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Does Rutgers Athletics have an ethics problem? NO!

Here we go again....a "journalist" playing outside their area of expertise. Click bait, anyone? .

Jim O'Connor-USA TODAY Sports

I am not a journalist.  I am a sports fan, a Rutgers fan.  I write stuff about Rutgers sports.  And I can condemn or defend Rutgers, as needed.  That being said....

Remember a little while back when I had an issue with a certain Gannett writer?  Well, I have an issue - again - with writers who write stories for....I don't know why.

Here's the tweet that got me started:

You read that and you think, holy scandal, Batman.  Rutgers is in trouble.  Well, yes and no.

Football and Kyle Flood certainly had their issues last year.  But what else?

The Q & A by's investigative reporter Kelly Heyboer - at least what was published - listed five questions. Sounds like a really "in depth" exercise.  One of the questions dealt with Hobbs' activity with Chris Christie and the Bridgegate scandal.  Okay, now we have four questions left to cover Rutgers' ethics issues. I'm sure we'll uncover great scandals "on the Banks."

Another question from Heyboer:

But, former football coach Kyle Flood admitted he skipped the mandatory ethics training, according to the investigation into his attempt to get a player's grade changed. Right?

Uh, a little late to the party.  In essence, she was asking Hobbs if he was squaring Flood's actions with what he had found at Rutgers in terms of ethics.  Which by the way, was this:

I've been incredibly impressed with the people that I've met, both the administrators in the department [sic]. They all want to do things in the right way. They work hard. They are very dedicated people. Coaches who I've had a little bit of time to spend time with, they are committed to that [ethical conduct].

Let me check my reading: we're talking to the man who was brought in by University President Bob Barchi and was touted as someone who had a "deep background in ethics."  And he found everyone - save Flood - to be really on board in doing things ethically.

Why are we writing this story?

So, back to Heyboer's questions.  The rest that were in the story were these:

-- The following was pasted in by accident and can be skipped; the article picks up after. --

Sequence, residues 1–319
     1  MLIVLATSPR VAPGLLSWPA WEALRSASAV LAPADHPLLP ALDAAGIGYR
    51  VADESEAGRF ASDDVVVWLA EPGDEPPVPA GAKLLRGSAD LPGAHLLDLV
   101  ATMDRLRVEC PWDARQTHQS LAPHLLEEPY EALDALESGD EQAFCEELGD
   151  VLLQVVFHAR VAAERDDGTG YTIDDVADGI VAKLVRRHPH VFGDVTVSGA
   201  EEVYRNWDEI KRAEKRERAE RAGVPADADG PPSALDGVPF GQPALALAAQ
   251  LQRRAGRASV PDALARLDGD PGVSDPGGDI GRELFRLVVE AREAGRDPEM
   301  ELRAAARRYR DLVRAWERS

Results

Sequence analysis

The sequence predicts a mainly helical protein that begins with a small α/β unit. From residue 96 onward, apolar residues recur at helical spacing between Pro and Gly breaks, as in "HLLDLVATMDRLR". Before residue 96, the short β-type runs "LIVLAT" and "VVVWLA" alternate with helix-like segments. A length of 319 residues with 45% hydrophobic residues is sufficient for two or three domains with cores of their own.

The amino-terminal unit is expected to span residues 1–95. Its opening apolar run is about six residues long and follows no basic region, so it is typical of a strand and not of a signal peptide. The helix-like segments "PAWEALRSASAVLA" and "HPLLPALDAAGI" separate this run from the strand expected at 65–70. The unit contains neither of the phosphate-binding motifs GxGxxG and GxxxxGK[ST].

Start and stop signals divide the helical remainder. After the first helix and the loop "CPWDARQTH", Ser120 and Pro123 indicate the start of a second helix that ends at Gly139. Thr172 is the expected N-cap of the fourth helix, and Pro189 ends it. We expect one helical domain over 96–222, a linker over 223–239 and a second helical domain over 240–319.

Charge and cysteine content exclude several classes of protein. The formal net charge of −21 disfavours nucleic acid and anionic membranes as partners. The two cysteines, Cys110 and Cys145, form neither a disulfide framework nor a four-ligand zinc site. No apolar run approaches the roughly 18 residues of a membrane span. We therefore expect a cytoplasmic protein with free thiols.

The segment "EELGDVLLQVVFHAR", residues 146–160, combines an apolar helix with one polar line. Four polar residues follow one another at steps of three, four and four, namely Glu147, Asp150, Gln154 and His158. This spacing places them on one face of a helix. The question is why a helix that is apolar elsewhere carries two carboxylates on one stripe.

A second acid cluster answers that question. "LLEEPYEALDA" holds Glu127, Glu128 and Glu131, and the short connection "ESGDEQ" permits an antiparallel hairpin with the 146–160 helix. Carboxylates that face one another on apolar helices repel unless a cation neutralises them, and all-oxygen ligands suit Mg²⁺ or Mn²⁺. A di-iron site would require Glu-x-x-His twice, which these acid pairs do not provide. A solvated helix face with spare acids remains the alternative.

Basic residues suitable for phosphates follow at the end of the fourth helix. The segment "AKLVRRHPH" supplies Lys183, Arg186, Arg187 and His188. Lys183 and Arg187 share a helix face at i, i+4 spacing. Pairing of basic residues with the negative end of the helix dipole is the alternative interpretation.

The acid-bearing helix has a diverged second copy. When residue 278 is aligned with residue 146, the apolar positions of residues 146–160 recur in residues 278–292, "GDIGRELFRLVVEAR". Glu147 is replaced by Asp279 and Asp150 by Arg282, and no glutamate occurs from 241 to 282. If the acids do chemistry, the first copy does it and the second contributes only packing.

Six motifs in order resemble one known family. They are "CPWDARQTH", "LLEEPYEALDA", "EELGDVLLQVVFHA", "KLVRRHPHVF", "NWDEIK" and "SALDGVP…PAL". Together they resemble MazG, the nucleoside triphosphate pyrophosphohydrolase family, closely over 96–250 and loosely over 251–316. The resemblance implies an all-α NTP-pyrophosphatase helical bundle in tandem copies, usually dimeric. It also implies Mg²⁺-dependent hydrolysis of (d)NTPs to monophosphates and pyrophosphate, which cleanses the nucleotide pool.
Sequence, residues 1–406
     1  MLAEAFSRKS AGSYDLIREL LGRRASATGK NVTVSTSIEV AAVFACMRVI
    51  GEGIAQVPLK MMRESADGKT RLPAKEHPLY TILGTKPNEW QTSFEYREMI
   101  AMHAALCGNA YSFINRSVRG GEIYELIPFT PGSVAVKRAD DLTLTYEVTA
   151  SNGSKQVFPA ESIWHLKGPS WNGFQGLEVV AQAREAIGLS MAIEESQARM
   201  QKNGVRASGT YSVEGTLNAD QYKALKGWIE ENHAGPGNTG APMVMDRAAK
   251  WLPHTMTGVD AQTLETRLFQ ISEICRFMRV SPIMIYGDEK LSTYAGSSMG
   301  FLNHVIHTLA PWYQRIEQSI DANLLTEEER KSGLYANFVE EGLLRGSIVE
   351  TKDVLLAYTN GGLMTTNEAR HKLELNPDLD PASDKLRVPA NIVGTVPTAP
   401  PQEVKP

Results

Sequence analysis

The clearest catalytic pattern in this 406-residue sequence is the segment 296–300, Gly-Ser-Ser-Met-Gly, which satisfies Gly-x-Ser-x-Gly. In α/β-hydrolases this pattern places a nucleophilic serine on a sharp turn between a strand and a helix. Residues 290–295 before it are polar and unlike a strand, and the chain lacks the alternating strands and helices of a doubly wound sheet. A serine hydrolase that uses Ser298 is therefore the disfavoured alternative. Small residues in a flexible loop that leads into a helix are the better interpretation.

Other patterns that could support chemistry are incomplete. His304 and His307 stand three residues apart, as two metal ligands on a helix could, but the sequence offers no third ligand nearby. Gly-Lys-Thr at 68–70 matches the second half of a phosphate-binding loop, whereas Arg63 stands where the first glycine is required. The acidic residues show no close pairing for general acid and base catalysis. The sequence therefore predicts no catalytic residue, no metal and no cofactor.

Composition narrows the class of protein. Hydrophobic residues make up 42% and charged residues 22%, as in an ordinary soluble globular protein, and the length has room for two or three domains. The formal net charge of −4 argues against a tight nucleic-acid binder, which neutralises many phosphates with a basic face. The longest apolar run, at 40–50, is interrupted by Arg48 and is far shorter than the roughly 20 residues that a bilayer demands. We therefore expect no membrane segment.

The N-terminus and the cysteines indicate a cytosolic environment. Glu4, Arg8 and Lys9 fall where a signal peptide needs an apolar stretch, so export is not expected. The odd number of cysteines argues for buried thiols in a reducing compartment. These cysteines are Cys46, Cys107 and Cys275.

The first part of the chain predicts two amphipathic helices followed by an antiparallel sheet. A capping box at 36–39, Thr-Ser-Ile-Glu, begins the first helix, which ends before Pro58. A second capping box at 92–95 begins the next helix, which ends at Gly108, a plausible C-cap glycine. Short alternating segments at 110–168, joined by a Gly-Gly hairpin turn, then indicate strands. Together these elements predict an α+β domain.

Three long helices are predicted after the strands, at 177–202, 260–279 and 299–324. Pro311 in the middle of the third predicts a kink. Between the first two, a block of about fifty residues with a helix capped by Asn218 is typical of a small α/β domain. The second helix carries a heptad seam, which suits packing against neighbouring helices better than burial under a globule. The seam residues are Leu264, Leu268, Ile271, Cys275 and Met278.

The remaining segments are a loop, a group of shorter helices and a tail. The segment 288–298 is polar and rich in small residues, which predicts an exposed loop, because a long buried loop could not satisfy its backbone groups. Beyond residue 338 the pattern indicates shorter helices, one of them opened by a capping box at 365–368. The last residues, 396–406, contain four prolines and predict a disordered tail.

• What are your first impressions about the ethical culture in the athletics department? Gave you Hobbs' answer above
  • What message are you giving to coaches and athletes? Said Hobbs: "It's an ethic. I always aspire to that. Again, we're human and things happen. But we should always try to do things the right way."
  • How important is improving Rutgers' ethical reputation? Uhh, any of you want to answer this probing question? And aside from jettisoning Flood, what are we actually improving? And Hobbs' response simply said he understands today's landscape.

The tweet was a tease.  The story was pretty empty. Even one of the commenters - which I generally try to avoid - indicated the same thing:


This is such a stupid piece.  Rutgers does run a very clean program and always has.  A couple of hichops this past year does not make for a dirty program.  Show me a program that doesn't from time to time have a little "issue".  Penn State? Ohio State? Alabama? Florida State?  Come on, lets stop this garbage reporting!

But, don't take my word on the piece for yourself.  Then tell me if I'm wrong.  I'm a big boy, I can take it.

Now, I'm willing to bet that the full interview had more than five questions.  But you would think that the most critical, the most pithy questions, would be the ones that get published.  And this is it?

My take on the story: you want to talk with the new AD about ethics in Rutgers athletics.  But the only thing you can point out is the old news about the problems from last year in football.

Pretty much says that there really aren't any other ethical issues within Rutgers athletics.

Point. Set. Match.